Football world in mourning after devastating death of Gianluca Vialli

Gianluca Vialli, pictured here before the UEFA Nations League match between Italy and England in 2022.
Gianluca Vialli looks on before the UEFA Nations League match between Italy and England in 2022. (Photo by Marco Luzzani/Getty Images)

Tributes have been paid to former Italy, Juventus and Chelsea striker Gianluca Vialli, who has died at the age of 58 following a lengthy battle with pancreatic cancer.

The Italian Football Federation said Vialli's death left an "unfillable void", while Chelsea co-owners Todd Boehly and Behdad Eghbali described an "awful day", and vowed Vialli's legacy would be "forever written" at the club.

Vialli, who went on to enjoy huge success as manager at Stamford Bridge following his glittering playing career, was first diagnosed with pancreatic cancer in 2017 and announced he had been given the all-clear in 2020 after treatment at the Royal Marsden Hospital in London.

He was re-diagnosed with the disease in 2021 and revealed last month that he had stepped down from his role as Italy's national team delegation chief.

During a 16-year playing career in Italy, Vialli won every major trophy on offer, including Serie A titles with Sampdoria (1991) and Juventus (1995), the Champions League with the latter in 1996, the UEFA Cup and the UEFA Cup Winners' Cup. He was also a four-time Coppa Italia winner.

He scored 16 goals in 59 appearances for Italy, featured in the 1986 and 1990 World Cups, while his Stg 12.5million ($A22.0 million) transfer from Sampdoria to Juventus in 1992 was a world record fee at the time.

Vialli joined Chelsea in 1996 and helped them win the FA Cup at the end of his first season before guiding the London club to glory in both the League Cup and UEFA Cup Winners' Cup as player-manager the following season.

Floral tributes for former Chelsea striker and manager Gianluca Vialli, pictured here at Stamford Bridge.
A man looks back to a photo as floral tributes are shown for former Chelsea striker and manager Gianluca Vialli at Stamford Bridge. (Photo by Leon Neal/Getty Images)

The Italian Football Federation said all matches under its jurisdiction this weekend would be preceded by a minute's silence in honour of Vialli.

The Federation's president Gabriele Gravina said in a statement: "I am deeply saddened - I hoped until the last that he could perform another miracle, yet I am comforted by the certainty that what he did for Italian football and the blue shirt will never be forgotten.

"Gianluca was a wonderful person and leaves an unfillable void, in the national team and in all those who appreciated his extraordinary human qualities."

Juventus said: "We loved everything about you, absolutely everything - your smile, your being a star and leader at the same time, on the pitch and in the dressing room, your adorable swashbuckling ways, your culture, your class, which you showed until the last day in the black and white stripes."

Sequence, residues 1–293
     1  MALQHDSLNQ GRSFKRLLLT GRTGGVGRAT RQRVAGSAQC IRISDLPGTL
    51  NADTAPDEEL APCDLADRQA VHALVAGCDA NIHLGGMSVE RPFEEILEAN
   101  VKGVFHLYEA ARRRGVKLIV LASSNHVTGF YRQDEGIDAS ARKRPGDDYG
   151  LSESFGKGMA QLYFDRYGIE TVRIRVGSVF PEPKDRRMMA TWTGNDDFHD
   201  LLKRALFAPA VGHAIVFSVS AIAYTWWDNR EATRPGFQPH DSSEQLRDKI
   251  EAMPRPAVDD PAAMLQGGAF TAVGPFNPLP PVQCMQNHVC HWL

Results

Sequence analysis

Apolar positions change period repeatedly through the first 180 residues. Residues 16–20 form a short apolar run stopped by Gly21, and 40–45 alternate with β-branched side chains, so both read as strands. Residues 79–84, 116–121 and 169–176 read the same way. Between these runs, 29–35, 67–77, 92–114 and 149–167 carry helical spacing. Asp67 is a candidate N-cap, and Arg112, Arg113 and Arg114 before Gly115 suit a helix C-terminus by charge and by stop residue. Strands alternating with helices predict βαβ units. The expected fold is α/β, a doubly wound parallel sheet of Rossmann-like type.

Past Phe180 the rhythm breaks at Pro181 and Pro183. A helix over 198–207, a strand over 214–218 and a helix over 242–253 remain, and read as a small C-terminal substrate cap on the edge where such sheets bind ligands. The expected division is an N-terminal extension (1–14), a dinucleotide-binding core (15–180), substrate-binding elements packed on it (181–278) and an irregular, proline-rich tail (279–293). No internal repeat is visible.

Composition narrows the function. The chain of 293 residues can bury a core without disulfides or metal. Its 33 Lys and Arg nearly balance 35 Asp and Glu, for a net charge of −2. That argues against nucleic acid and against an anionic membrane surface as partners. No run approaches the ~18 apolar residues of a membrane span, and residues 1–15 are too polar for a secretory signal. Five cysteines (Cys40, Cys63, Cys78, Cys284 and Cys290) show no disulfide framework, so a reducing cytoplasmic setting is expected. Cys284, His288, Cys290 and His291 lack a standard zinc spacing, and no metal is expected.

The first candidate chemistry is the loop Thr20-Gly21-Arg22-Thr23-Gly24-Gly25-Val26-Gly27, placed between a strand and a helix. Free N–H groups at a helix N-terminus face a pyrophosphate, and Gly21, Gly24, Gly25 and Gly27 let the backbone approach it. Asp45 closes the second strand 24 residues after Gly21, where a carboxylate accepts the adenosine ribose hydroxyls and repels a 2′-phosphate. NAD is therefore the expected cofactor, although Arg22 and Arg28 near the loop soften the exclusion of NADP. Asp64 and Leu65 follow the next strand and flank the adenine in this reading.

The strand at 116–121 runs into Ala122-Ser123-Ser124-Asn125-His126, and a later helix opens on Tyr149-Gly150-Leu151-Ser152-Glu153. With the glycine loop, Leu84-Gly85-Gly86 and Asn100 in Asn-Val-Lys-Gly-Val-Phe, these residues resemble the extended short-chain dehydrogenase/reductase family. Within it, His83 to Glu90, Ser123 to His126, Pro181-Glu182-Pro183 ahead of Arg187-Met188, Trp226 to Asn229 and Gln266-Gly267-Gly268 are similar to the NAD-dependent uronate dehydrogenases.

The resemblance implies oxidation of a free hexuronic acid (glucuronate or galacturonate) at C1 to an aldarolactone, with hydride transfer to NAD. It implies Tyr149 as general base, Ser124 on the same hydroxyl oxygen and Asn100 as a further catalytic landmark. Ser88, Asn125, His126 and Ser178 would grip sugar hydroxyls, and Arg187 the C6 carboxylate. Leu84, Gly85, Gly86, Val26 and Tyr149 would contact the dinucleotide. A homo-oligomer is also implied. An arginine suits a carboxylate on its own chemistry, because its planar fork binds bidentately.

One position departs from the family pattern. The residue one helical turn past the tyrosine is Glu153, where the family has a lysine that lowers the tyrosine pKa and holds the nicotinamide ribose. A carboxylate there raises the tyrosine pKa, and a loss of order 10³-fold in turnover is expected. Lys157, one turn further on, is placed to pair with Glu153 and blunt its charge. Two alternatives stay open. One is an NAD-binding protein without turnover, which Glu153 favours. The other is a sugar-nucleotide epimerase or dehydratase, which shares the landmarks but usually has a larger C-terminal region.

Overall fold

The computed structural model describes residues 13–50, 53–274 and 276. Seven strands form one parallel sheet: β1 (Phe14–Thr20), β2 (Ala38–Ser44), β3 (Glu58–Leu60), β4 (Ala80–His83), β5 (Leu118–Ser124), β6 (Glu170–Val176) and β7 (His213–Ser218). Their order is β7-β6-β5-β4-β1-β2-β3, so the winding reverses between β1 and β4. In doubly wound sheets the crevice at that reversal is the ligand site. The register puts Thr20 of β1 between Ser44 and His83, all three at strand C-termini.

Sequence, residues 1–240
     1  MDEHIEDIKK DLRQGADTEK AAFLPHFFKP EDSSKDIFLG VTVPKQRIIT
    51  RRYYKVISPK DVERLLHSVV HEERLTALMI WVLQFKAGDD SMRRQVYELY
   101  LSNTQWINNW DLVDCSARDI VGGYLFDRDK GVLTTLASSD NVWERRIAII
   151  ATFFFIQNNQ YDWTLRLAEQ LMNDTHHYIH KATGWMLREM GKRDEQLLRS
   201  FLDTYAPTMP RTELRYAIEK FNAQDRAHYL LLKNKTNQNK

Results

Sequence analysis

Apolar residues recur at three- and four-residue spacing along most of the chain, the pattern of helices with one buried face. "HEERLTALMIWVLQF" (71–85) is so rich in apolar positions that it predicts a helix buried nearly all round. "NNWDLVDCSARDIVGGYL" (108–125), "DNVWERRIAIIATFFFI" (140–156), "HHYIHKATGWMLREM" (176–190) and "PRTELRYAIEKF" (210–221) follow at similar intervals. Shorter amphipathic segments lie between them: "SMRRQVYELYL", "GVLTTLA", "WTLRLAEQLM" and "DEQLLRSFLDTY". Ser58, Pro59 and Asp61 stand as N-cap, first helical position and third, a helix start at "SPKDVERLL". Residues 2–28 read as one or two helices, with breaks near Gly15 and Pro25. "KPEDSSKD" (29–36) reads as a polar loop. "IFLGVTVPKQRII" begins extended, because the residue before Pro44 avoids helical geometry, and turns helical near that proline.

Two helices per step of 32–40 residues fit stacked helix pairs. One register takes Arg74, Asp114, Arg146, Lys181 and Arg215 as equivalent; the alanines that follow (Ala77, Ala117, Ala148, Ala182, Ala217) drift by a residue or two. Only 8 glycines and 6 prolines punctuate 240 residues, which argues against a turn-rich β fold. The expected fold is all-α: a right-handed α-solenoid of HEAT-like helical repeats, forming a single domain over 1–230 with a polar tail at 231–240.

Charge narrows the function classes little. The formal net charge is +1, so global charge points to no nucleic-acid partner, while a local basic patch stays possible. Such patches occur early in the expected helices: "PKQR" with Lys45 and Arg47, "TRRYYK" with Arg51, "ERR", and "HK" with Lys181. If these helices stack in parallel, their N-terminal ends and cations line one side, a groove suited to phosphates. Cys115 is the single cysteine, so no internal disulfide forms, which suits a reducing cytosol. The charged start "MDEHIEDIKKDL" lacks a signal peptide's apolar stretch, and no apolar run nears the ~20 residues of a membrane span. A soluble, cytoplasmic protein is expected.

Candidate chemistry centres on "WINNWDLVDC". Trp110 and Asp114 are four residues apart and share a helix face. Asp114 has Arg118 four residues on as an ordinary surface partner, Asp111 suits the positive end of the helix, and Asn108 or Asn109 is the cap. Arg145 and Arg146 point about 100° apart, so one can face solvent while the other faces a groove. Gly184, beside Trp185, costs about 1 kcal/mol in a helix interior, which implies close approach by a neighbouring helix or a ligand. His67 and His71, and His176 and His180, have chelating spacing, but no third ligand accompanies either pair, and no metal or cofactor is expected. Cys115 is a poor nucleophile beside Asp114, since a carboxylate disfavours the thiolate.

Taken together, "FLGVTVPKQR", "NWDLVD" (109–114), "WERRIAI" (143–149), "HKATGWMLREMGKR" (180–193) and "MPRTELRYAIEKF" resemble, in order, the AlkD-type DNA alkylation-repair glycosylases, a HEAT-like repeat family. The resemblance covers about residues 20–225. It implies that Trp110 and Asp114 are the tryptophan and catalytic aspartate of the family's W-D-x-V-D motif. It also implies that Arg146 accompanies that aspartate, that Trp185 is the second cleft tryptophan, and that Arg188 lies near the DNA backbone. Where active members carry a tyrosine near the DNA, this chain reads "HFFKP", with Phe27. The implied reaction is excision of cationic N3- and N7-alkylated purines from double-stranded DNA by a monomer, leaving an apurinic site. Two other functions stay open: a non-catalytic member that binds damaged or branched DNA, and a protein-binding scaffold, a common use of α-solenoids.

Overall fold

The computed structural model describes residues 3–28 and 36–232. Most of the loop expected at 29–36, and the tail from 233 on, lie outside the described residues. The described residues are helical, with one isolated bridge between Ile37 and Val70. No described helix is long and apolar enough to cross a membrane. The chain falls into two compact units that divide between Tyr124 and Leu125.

Gianluca Vialli, pictured here in London with his wife and a friend.
Gianluca Vialli in London with his wife and a friend. (Photo by Dave Benett/Getty Images)

Football world mourns death of Gianluca Vialli

Graeme Souness, who played alongside Vialli at Sampdoria, was visibly emotional as he recalled his relationship with his former teammate on Sky Sports.

"I can't tell you how good a guy he was," said Souness. "Forget football, he was just a gorgeous soul. He was just a truly nice human being.

"He was just fabulous to be around. He was such a fun-loving guy, full of mischief, wonderful footballer and a warm human being.

Scotland manager Steve Clarke, a former teammate of Vialli at Stamford Bridge, said: "Gianluca was a pleasure to play alongside and an even greater pleasure to have known.

His achievements speak for themselves not just at Chelsea - where he will be revered and remembered forever - but throughout his decorated career.

He was one of the greatest strikers of his and any other generation. Above all he was a good man."

After leaving team management, Vialli co-founded sports investment firm Tifosy Capital. He leaves a wife and two daughters.

This content is not available due to your privacy preferences.
Update your settings here to see it.
This content is not available due to your privacy preferences.
Update your settings here to see it.
This content is not available due to your privacy preferences.
Update your settings here to see it.
This content is not available due to your privacy preferences.
Update your settings here to see it.
This content is not available due to your privacy preferences.
Update your settings here to see it.

With Press Association

Click here to sign up to our newsletter for all the latest and breaking stories from Australia and around the world.